Should You Go Gluten Free?

It was TIME Magazine’s second ranked food trend of 2012, and from the way its commandeered pastry cases there is no end in sight. A new study shows that 29% of Americans are avoiding gluten; 29% of us do not have Celiac Disease, so what gives?

 We’re Overweight, We Feel Lousy, and We’re Looking for an Answer

Thanks to food marketing and a disturbing abundance of health misinformation, we think we’re eating healthy—items labeled “Whole Grain” and “Whole Wheat”—so why don’t we feel any better?

Gluten is a serious problem child for people with Celiac Disease. For people with Celiac, any amount of the protein gluten triggers a vicious response—serious abdominal pain, constipation, diarrhea, severe bloating. (As with any medical condition, you may experience different or none of these symptoms.) Your healthcare provider can administer a test for Celiac Disease.

The estimations about how many people have legitimate gluten sensitivity or allergy are about as accurate as my March Madness Bracket (also see “lousy guesser”). If you think gluten might be the culprit, start a food diary. For ten days, write down everything you consume, what time, and how you feel before and after. Splash of milk in your coffee? Write it down. Suddenly gassy at 2pm? Write it down. Your healthcare provider or nutritionist can help you identify if gluten is the offender in your diet.

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This way to the bagel fest!

But is it Gluten?

Many people try a gluten free diet and initially notice a difference. Less bloating, more energy, and weight loss. Does this mean you need to go gluten free? Not necessarily.

Science time: When people go on a gluten free diet, what else do they cut out? The processed carbohydrate junk, including those with “Whole Grain” and “Whole Wheat” labels. Consider anything with “Enriched Flour” in the ingredients as nutritionally worthless. “Enriched” is the food marketers way of saying, “We broke the wheat down so much that it lost all its nutritional benefits, so then we grabbed some chemicals and pumped them back in. Oh and sugar, we put some sugar in there too.” A gluten free diet cuts this out, which, unless you have one of the aforementioned contradictions, accounts for the improved state.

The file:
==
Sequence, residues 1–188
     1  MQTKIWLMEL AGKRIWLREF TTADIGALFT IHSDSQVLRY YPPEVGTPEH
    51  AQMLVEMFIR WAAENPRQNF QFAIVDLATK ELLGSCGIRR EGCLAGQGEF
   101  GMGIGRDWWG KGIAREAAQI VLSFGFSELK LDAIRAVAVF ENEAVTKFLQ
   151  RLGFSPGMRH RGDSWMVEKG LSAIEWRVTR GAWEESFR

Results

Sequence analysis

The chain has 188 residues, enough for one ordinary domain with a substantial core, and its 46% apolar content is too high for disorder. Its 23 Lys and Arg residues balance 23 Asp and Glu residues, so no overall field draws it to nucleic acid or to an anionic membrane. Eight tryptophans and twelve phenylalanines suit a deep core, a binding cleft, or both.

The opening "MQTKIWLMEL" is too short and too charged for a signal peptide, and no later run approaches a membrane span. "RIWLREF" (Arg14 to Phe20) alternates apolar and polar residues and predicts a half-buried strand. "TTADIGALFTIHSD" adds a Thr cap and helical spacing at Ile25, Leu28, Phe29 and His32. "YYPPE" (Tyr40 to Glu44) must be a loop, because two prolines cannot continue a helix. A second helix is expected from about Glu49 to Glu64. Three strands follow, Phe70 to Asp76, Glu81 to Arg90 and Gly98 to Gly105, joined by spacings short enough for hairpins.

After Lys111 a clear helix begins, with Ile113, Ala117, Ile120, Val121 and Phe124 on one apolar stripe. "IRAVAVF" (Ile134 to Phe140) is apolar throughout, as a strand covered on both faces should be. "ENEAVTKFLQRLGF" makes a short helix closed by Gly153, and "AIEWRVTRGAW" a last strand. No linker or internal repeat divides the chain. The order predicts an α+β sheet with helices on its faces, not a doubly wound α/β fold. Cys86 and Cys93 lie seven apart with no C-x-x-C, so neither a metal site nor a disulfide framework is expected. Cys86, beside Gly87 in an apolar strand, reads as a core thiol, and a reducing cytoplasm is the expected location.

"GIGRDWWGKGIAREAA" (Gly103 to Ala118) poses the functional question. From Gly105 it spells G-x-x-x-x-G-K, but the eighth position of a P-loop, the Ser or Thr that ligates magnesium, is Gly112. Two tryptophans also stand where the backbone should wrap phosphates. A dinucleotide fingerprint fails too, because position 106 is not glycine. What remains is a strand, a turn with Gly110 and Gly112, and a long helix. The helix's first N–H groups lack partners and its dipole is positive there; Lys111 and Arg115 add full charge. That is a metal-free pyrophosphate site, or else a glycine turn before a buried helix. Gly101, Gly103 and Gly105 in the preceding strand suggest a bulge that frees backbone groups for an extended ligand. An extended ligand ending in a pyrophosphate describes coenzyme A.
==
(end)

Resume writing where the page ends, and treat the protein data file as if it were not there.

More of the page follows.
Gluten Free Everything

Thanks to the 29%, you can find gluten free everything! The Celiacs are stoked. The rest of us are confused. Don’t think that swapping out enriched flour bagels for gluten free is a health upgrade. GF processed foods are just as bad, and sometimes worse, as their gluten counterparts. Corn starch, tapioca starch, and potato starch are the top ingredients in these products. Not exactly healthful alternatives.

The Bottom Line

  • Wheat is a healthful food. Real, freshly made bread is good for you. Enriched, bleached, and processed wheat products are not.
  • If you think you have Celiac Disease or gluten sensitivity, start keeping a food diary and make an appointment with your healthcare provider.
  • A processed, gluten free bagel is on the same nutritional level as a processed, wheat bagel.
  • Gluten or no gluten, carbohydrates are just one portion of well-rounded, balanced diet and healthy lifestyle. 
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2 responses to “Should You Go Gluten Free?

  1. Great great summary of the info! I get so frustrated when people think they’ll lose weight, like it’s a “diet” in the trendy sense. Ugh. I’ll try to remember your wording next time I have to lay the truth down! :)

  2. Living with a celiac has me very focused on GF foods. And, what we’ve noticed is that many GF foods you can buy are very high in cholesterol because of “binding” issues without the gluten. Also, the fat content is often higher. However, I do think most of us could reduce our gluten consumption–but of course, that is whole food healthful eating. We do a lot of baking and cooking ourselves because then you have more control and it tastes better anyhow. Nice post! :) Elizabeth

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